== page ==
People sometimes ask why many MVPA studies use leave-one-run-out cross-validation (partitioning on the runs), and if it's valid to set up the cross-validation in other ways, such as leaving out individual trials. Short answer: partitioning on the runs is a sensible default for single-subject analyses, but (as usual with fMRI) other methods are also valid in certain situations.
As I've written before, cross-validation is not a statistical test itself, but rather the technique by which we get the statistic we want to test (see this for a bit more on doing statistical testing). My default example statistic is accuracy from a linear SVM, but these issues apply to other statistics and algorithms as well.
Why is partitioning on the runs a sensible default? A big reason is that scanner runs (also called "sessions") are natural breaks in fMRI datasets: a run is the period in which the scanner starts, takes a bunch of images at intervals of one TR, then stops. Images from within a single scanner run are intrinsically more related to each other than to images from different runs, partly because they were collected closer together in time (so the subject's mental state and physical position should be more similar; single hemodynamic responses can last more than one TR), and because many software packages perform some corrections on each run individually (e.g., SPM motion correction usually aligns each volume to the first image within its run). The fundamental nature of temporal dependency is reflected in the terminology of many analysis programs, such as "chunks" in pyMVPA and "bricks" in afni.
So, since the fMRI data within each person is structured into runs, it makes sense to partition on the runs. It's not necessary to leave-one-run-out, but if you're not leaving some multiple number of runs out for the cross-validation, you should verify that your (not run-based) scheme is ok (more later). By "some multiple number of runs" I mean leaving out two, three, or more runs on each cross-validation fold. For example, if your dataset has 20 short runs you will likely have more stable (and significant) performance if you leave out two or four runs each fold rather than just one (e.g., Permutation Tests for Classification. AI Memo 2003-019). Another common reason to partition with multiple runs is if you're doing some sort of cross-classification, like training on all examples from one scanning day and testing on all examples from another scanning day. With cross-classification there might not be full cross-validation, such as if training on "novel" runs and testing on "practiced" runs is of interest for an experiment, but training on "practiced" runs and testing with "novel" runs is not. There's no problem with these cross-classification schemes, so long as one set of runs is used for training, and another (non-intersecting) set of runs for testing in an experiment-sensible (and ideally a priori) manner.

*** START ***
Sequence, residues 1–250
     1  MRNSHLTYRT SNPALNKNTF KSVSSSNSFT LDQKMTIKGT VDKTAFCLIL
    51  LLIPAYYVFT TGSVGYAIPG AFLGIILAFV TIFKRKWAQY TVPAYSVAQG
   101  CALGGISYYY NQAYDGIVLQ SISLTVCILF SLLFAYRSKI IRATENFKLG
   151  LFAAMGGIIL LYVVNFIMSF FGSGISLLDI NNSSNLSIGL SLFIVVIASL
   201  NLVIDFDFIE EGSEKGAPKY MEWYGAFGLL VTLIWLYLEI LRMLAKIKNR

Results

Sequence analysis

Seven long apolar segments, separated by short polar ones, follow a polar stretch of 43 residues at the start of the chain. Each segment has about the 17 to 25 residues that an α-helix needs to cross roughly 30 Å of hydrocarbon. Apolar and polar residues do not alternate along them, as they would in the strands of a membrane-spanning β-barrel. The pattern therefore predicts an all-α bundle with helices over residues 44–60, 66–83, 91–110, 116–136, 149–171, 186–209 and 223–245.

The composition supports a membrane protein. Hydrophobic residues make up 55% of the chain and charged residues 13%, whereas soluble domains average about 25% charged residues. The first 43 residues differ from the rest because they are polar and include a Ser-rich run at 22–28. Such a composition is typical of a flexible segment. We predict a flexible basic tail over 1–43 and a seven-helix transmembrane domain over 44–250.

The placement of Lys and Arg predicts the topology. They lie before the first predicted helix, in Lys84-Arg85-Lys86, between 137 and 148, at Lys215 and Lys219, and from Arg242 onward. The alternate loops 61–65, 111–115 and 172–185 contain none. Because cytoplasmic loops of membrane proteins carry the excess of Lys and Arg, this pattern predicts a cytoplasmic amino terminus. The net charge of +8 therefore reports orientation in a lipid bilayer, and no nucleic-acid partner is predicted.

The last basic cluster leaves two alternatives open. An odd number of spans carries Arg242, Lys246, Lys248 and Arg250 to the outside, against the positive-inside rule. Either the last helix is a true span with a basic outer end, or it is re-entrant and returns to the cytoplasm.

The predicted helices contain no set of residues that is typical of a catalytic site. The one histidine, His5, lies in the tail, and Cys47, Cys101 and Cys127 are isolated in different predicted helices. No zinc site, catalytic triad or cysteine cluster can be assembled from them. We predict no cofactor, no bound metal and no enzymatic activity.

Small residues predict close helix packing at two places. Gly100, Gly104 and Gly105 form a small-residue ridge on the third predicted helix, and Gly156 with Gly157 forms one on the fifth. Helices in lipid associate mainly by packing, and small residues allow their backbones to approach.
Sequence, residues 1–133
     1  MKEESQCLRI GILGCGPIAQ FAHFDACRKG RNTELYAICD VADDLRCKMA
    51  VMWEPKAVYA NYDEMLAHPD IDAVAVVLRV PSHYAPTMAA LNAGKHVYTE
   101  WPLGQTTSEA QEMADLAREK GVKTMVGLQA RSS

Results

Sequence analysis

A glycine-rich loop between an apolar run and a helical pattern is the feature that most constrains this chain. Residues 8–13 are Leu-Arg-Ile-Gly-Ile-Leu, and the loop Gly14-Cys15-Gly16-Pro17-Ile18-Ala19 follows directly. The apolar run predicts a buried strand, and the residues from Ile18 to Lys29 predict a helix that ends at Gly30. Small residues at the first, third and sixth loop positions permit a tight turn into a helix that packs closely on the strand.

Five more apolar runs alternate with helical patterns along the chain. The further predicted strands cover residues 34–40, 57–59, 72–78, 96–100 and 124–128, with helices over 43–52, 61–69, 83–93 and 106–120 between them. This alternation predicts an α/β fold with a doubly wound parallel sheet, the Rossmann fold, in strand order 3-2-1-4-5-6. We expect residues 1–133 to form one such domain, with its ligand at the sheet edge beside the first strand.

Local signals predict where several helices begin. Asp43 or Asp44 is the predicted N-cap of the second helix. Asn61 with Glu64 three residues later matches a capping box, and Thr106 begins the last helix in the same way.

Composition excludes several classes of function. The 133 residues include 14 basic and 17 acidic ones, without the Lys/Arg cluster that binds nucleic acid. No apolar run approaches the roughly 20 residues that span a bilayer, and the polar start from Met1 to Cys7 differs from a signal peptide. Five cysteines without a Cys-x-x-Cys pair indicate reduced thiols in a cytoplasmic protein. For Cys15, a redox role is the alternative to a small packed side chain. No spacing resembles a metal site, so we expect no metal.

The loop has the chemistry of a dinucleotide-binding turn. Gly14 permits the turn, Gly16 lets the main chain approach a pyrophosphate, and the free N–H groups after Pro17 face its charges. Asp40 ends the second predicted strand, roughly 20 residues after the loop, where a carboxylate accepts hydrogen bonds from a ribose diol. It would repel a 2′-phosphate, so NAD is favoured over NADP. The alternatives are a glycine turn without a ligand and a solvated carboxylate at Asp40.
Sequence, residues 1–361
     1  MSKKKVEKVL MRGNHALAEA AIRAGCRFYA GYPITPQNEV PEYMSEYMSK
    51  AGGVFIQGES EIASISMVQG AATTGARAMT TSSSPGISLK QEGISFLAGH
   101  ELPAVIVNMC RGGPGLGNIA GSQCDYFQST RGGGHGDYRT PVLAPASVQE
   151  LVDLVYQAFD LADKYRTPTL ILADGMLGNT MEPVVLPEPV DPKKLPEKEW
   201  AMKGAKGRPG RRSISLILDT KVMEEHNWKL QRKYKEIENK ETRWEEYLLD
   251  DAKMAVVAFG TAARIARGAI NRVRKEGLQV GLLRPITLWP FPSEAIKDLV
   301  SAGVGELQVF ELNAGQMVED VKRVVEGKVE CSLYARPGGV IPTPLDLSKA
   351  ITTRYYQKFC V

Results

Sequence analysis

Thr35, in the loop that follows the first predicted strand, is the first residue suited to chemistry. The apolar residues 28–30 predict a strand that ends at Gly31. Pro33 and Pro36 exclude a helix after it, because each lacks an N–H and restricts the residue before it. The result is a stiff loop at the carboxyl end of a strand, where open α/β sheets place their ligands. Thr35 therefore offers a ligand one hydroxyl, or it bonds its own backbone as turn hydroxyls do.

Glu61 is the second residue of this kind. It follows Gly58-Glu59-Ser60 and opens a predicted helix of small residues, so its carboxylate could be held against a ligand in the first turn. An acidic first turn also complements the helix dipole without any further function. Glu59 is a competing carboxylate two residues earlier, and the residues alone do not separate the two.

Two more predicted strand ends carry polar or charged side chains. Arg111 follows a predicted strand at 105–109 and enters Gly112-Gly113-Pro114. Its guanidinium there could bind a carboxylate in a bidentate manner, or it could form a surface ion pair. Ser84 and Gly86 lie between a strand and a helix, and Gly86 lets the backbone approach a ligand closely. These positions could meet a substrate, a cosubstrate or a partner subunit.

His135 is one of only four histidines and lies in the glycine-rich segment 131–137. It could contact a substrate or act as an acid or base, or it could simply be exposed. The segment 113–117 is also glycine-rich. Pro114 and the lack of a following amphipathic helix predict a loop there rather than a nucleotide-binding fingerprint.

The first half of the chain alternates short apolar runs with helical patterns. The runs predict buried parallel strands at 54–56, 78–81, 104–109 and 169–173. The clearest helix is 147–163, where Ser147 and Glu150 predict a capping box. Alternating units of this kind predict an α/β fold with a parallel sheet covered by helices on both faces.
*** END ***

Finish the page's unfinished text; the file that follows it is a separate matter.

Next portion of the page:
But it can sometimes be fine to do cross-validation with smaller bits of the dataset than the run, such as leaving out individual trials or blocks. The underlying criteria is the same, though: are there sensible reasons to think that the units you want to use for cross-validation are fairly independent? If your events are separated by less than 10 seconds or so (i.e., HRF duration) it's hard to argue that it'd be ok to put one event in the training set and the event after it into the testing set, since there will be so much "smearing" of information from the first event into the second (and doubly so if the event ordering is not perfectly balanced). But if your events are fairly well-spaced (e.g. a block design with 10 second action blocks separated by 20 seconds of rest), then yes, cross-validating on the blocks might be sensible, particularly if preprocessing is aimed at isolating the signal from individual blocks.
If you think that partitioning on trials or blocks, rather than full runs, is appropriate for your particular dataset and analysis, I suggest you include an explanation of why you think it's ok (e.g., because of the event timing), as well as a demonstration that your partitioning scheme did not positively bias the results. What demonstration is convincing necessarily varies with dataset and hypotheses, but could include "random runs" and control analyses. I described "random runs" in The impact of certain methodological choices ... (2011); the basic idea is to cross-validate on the runs, but then randomly assign the trials to new "runs", and do the analysis again (i.e., so that trials from the same run are mixed into the training and testing sets). If partitioning on the random runs and the real runs produce similar results, then mixing the trials didn't artificially increase performance, and so partitioning other than on the runs (like leaving out individual blocks) is probably ok. Control analyses are classifications that shouldn't work, such as using visual cortex to classify an auditory stimulus. If such negative control analyses aren't negative (can classify) in a particular cross-validation scheme, then that cross-validation scheme shouldn't be trusted (the training and testing sets are not independent, or some other error is occurring). But if the target analysis (e.g., classifying the auditory stimuli with auditory cortex) is successful while the control analysis (e.g., classifying the auditory stimuli with visual cortex) is not, and both use the same cross-validation scheme, then the partitioning was probably ok.
This post has focused on cross-validation when each person is analyzed separately. However, for completeness, I want to mention that another sensible way to partition fMRI data
is on the people, such as with leave-one-subject-out cross-validation.
Subjects are generally independent (and so suitable "chunks" for
cross-validation), unless the design includes an unusual population
(e.g., identical twins) or design (e.g., social interactions).